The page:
“Leading up into (the Ryder Cup), I’ve put full force focus into this event, and I think part of hitting it far is some of why I am so successful and how I could utilize my length on this golf course to potential advantage,” DeChambeau said.
It has given him an advantage, indeed, and has sent a message that next week’s foray into long-drive competition is more than just a publicity stunt.
DeChambeau made waves earlier this week when he hit a 417-yard blast in Friday’s Four-balls match that left him with just 72 yards to the hole on the serpentine, par-5 fifth hole. For comparison, his partner, Scottie Scheffler, had 274 yards remaining and World No. 1 Jon Rahm was left with a 253-yard second shot after a 336-yard drive.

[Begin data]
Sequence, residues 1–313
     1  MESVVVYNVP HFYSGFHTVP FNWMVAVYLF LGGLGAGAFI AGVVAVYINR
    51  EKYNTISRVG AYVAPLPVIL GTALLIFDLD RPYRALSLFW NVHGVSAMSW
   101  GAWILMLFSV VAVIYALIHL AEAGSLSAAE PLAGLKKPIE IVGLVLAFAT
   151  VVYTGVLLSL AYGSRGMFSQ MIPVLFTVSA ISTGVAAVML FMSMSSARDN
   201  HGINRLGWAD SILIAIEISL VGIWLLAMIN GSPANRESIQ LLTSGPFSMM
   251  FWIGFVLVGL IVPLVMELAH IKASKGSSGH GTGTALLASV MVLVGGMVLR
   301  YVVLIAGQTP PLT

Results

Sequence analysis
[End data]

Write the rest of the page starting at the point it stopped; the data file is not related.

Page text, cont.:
DeChambeau took advantage of the blast, wedging to 5 feet and making the eagle putt to tie the match. DeChambeau also nearly drove the 10th green and was greenside after his tee shot on the par-4 13th in that match. DeChambeau and Scheffler tied that match after Tyrrell Hatton birdied the last hole.
After Sunday’s opening tee shot, DeChambeau’s driver is in a class with Ian Poulter’s putter as two of the most impressive clubs in Ryder Cup history.